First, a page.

• After a short experience of delivering Friday sermon in the Jami’ mosque (the Central Mosque near Indian Bazar in Nairobi), I became a regular Friday speaker (Khateeb and Imam) at Landhies mosque which was manged by the two noble brothers: Sheikh Ismaeel and Sheikh Yaqoob. I used to deliver a part of sermon in the local language; Kiswahili which as described previously, I learnt during my stay in Mombasa with brother Khalid, the German new Muslim.
  • On some weekends or holidays, I used to take a day trip to visit our Muslim brothers in a locality around us. I found our colleague in Machakos, Sheikh Mohammad Ibrahim Arkekonil, a marvellous tutor the way he used to address the gatherings, it was through dialogue, through questions and answers and not through a constant flow of speech.

One of our very interesting journeys was the one which took us to the border with Ethiopia and lasted five days and nights. First it ran through hills and pastures covering Thika, Forthall, Nyeri and Nanyuki. Then it turned towards the bushes and jungles visited by wild animals, through the dirt road leading to Isiolo, where we were welcomed by our friend Muhammad Salafi, then through the longest stretch of our adventures travelling to Marsabit, a small town near the border. So difficult and dangerous was the approach to this distant place that it brought a lot of pleasure to its small inhabitants of the Muslim community who could hardly expect some Imam coming a long way to visit them. They gathered in the mosque to show their admiration and joy. One of them said that he had seen some signs of blessings in a dream prior to our arrival. It was already dark when we reached there and with the flood water on the dirt road behind us, we had no choice but to stay in the house, which was more like a hut, after a lively evening in the mosque. It took another day to drive back to Nairobi, dashing through the flood water coming across the herds of gazelles and Giraffes, monkeys, baboons, and the sight of zebras and other wild animals. Once we left Isiolo behind us, the tarmac road from Nanyuki seemed as we had landed on a runway after a very rough and turbulent descent through a layer of thick clouds.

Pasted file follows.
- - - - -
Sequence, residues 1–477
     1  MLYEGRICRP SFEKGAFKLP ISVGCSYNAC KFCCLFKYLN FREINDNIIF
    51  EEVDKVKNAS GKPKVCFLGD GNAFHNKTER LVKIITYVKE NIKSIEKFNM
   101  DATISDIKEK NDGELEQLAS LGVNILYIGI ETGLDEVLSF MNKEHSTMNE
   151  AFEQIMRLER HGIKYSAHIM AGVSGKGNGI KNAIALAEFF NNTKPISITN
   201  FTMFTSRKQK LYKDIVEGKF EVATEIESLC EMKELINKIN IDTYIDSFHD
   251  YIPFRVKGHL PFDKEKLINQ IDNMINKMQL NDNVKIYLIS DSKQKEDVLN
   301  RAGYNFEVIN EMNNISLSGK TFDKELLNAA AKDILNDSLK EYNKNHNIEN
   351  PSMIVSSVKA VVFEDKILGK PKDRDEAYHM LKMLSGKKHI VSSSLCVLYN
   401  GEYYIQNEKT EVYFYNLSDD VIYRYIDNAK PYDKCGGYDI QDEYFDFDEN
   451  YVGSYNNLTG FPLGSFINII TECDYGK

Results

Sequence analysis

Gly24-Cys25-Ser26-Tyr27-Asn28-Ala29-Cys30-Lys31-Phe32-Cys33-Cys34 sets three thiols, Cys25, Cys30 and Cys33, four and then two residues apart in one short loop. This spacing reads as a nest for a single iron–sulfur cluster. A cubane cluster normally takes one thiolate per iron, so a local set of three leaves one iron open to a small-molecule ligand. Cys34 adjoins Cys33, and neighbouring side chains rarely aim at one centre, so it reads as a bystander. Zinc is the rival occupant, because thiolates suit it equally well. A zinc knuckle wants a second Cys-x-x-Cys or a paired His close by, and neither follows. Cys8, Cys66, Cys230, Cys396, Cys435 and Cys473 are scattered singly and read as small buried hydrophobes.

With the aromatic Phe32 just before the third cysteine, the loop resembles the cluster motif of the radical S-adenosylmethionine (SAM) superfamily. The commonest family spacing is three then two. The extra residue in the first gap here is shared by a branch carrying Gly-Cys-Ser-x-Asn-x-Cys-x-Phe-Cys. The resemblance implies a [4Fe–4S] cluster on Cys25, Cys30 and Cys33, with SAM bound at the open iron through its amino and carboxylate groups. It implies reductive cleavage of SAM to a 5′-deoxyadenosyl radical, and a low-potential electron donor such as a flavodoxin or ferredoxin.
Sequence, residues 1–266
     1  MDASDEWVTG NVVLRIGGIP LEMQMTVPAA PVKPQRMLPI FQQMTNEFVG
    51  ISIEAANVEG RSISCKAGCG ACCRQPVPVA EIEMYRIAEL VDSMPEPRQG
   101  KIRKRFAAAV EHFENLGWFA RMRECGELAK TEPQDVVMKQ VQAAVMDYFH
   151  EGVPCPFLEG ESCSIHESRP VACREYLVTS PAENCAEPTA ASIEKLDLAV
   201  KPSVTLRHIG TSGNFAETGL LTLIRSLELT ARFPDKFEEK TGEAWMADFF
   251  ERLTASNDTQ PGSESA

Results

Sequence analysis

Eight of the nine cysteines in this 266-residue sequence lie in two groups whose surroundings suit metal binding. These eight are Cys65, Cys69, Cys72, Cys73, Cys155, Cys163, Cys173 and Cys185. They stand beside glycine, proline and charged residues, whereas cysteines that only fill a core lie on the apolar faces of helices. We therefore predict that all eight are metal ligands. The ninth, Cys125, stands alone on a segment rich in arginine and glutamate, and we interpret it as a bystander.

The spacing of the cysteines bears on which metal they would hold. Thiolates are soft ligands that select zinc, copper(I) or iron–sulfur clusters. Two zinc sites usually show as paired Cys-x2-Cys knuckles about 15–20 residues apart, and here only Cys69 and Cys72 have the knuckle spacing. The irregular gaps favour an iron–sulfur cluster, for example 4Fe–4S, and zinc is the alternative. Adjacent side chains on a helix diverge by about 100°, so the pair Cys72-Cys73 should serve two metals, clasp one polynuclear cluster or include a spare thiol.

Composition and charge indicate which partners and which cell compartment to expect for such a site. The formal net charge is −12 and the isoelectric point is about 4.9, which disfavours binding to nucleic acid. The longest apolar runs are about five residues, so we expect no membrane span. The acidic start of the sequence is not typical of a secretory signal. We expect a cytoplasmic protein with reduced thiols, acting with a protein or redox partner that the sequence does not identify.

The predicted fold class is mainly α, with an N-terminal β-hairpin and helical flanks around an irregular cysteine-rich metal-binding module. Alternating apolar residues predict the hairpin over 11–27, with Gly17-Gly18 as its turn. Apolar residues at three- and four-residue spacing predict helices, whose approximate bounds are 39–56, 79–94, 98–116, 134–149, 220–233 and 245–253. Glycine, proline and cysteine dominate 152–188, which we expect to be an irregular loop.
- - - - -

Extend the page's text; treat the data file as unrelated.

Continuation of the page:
With no phone facilities, our unexpected delay in returning home caused a lot of anxiety to my wife who even took the assistance of the local police to discover our whereabouts. Of course, they had no more information than she had.


  1. Nyeri is the burial place of Baden Powell, the founder of Scout discipline.
  1. Distance: Nairobi to Marsabit: 531km, Isiolo to Marsabit: 250km


About Me

Sheikh Suhaib Hasan Abdul Ghaffar is the Secretary of the Islamic Sharia Council of Great Britain.